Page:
A moral imagination is grounded in the absolute belief that the world can be better. A moral imagination envisions Isaiah’s “new heaven and new earth,” where the “wolf and the lamb shall feed together,” and trusts that it will be made real (Isaiah 65). What is certain, a moral imagination disrupts the notion that the world as it is reflects God’s intentions. . . . [It] is nothing other than the hope of black faith. Such hope trusts that the arc of God’s universe does in fact bend toward justice. [1]

In his famous “I Have a Dream” speech in 1963, King’s prophetic, moral imagination is on full display:

Even though we must face the difficulties of today and tomorrow, I still have a dream. It is a dream deeply rooted in the American dream that one day this nation will rise up and live out the true meaning of its creed—we hold these truths to be self-evident, that all men are created equal. . . .

I have a dream my four little children will one day live in a nation where they will not be judged by the color of their skin but by the content of their character. I have a dream today!

I have a dream that one day, down in Alabama, with its vicious racists, with its governor having his lips dripping with the words of interposition and nullification, that one day, right there in Alabama, little black boys and black girls will be able to join hands with little white boys and white girls as sisters and brothers. I have a dream today!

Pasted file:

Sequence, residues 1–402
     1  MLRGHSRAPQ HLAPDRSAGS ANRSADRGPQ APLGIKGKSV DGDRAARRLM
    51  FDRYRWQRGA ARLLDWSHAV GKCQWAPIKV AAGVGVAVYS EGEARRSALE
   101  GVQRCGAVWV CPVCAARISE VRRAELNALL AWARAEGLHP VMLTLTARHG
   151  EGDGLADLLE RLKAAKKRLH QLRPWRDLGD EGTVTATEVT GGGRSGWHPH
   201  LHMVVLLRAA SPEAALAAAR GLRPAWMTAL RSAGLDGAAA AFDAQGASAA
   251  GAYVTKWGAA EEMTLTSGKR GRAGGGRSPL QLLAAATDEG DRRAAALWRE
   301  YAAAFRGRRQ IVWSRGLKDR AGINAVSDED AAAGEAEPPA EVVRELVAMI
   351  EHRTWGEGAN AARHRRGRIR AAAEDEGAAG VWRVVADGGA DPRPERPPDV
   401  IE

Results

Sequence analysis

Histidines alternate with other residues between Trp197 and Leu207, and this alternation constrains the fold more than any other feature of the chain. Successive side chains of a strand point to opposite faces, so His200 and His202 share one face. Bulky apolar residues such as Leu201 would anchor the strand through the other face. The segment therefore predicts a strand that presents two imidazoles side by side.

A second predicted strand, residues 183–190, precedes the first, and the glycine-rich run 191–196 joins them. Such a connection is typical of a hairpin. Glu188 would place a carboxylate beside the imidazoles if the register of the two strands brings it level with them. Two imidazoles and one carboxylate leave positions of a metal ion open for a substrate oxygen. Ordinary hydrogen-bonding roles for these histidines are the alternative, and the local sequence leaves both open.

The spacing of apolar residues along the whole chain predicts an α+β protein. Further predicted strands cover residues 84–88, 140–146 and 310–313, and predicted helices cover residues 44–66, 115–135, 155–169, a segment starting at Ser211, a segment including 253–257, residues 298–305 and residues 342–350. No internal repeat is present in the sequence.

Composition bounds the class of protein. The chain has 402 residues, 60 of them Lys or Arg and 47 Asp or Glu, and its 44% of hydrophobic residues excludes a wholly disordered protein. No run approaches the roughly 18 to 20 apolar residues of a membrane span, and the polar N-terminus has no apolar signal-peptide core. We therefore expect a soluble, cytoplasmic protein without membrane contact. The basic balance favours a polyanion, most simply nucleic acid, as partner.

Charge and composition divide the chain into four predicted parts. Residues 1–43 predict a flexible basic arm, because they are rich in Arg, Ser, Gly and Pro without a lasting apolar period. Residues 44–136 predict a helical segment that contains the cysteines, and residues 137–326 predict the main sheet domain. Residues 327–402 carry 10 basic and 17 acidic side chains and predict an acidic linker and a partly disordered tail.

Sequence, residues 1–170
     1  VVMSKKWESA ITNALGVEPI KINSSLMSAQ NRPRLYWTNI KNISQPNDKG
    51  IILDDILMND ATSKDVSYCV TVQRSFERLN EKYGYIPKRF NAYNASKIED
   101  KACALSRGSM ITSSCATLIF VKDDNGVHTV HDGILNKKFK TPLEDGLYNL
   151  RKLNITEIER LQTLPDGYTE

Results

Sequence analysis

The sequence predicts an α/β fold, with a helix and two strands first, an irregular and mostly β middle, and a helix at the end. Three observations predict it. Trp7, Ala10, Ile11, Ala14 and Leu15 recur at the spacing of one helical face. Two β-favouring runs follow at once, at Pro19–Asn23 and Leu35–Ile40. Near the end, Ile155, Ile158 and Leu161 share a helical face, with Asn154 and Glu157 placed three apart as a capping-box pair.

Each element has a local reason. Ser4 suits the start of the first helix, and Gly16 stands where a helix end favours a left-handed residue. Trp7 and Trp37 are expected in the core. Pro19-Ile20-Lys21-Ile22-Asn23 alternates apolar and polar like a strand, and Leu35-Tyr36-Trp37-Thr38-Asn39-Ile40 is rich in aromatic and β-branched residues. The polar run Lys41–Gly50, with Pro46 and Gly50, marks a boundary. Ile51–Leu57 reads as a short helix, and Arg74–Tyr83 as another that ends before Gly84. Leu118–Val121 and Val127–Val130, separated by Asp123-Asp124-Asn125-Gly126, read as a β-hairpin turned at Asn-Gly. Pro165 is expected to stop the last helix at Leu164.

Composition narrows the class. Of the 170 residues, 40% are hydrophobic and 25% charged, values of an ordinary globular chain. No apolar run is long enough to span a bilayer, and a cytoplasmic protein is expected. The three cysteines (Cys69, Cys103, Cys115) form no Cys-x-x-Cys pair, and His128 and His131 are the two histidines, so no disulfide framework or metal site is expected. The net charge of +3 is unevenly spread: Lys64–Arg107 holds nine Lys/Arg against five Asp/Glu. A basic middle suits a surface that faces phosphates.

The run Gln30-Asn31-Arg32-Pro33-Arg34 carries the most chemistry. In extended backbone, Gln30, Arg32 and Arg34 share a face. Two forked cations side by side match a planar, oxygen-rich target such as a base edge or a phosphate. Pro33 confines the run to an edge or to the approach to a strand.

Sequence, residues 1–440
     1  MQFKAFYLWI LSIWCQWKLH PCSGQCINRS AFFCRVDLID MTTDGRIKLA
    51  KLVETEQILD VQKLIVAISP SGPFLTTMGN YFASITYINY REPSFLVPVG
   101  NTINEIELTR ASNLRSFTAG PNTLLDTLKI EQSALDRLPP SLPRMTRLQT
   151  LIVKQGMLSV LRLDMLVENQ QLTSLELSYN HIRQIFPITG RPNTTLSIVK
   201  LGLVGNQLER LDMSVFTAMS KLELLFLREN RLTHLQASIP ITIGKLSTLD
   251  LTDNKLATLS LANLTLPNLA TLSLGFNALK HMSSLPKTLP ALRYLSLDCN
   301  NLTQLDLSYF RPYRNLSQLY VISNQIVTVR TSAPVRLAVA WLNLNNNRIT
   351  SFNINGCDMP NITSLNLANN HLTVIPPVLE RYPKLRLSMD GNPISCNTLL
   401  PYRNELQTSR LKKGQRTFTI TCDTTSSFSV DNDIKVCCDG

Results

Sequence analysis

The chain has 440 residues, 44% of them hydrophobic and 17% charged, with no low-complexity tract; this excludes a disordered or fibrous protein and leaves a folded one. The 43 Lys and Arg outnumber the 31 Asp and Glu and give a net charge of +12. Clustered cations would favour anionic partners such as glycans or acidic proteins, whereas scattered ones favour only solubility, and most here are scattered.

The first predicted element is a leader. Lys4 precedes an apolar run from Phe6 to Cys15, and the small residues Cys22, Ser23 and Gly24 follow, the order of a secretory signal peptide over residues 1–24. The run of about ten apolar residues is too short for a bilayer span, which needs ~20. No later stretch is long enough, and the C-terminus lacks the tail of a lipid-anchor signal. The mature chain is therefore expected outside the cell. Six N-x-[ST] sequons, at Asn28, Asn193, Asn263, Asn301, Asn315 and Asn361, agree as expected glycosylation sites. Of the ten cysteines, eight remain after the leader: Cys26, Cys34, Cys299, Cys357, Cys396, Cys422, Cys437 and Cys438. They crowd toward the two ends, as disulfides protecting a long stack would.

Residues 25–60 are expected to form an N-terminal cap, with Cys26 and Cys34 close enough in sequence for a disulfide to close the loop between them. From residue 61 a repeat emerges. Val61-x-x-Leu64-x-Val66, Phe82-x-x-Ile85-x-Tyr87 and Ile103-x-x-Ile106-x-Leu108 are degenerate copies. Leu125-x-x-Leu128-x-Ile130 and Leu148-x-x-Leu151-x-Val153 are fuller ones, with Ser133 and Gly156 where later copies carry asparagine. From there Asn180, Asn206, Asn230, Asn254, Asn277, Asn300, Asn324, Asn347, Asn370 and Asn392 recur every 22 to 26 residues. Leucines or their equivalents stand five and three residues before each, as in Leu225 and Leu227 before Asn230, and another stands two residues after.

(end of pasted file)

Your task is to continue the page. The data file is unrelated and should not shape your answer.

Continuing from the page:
I have a dream that one day every valley shall be exalted, every hill and mountain shall be made low, the rough places shall be made plain, and the crooked places shall be made straight and the glory of the Lord will be revealed and all flesh shall see it together. . . .

With this faith we will be able to hew out of the mountain of despair a stone of hope. With this faith we will be able to transform the jangling discords of our nation into a beautiful symphony of brotherhood.

With this faith we will be able to work together, to pray together, to struggle together, to go to jail together, to stand up for freedom together, knowing that we will be free one day. [2]

Prophets as Poets

March 24th, 2021

One of the great scholars of the Jewish scriptures was Rabbi Abraham Joshua Heschel (1907–1972). In his in-depth study of the Hebrew prophets, he included this description of the prophets which is really rather surprising. We often think of prophets as scolds, rather judgmental and cranky, but Heschel reminds us of their essential gifts of creativity and imagination: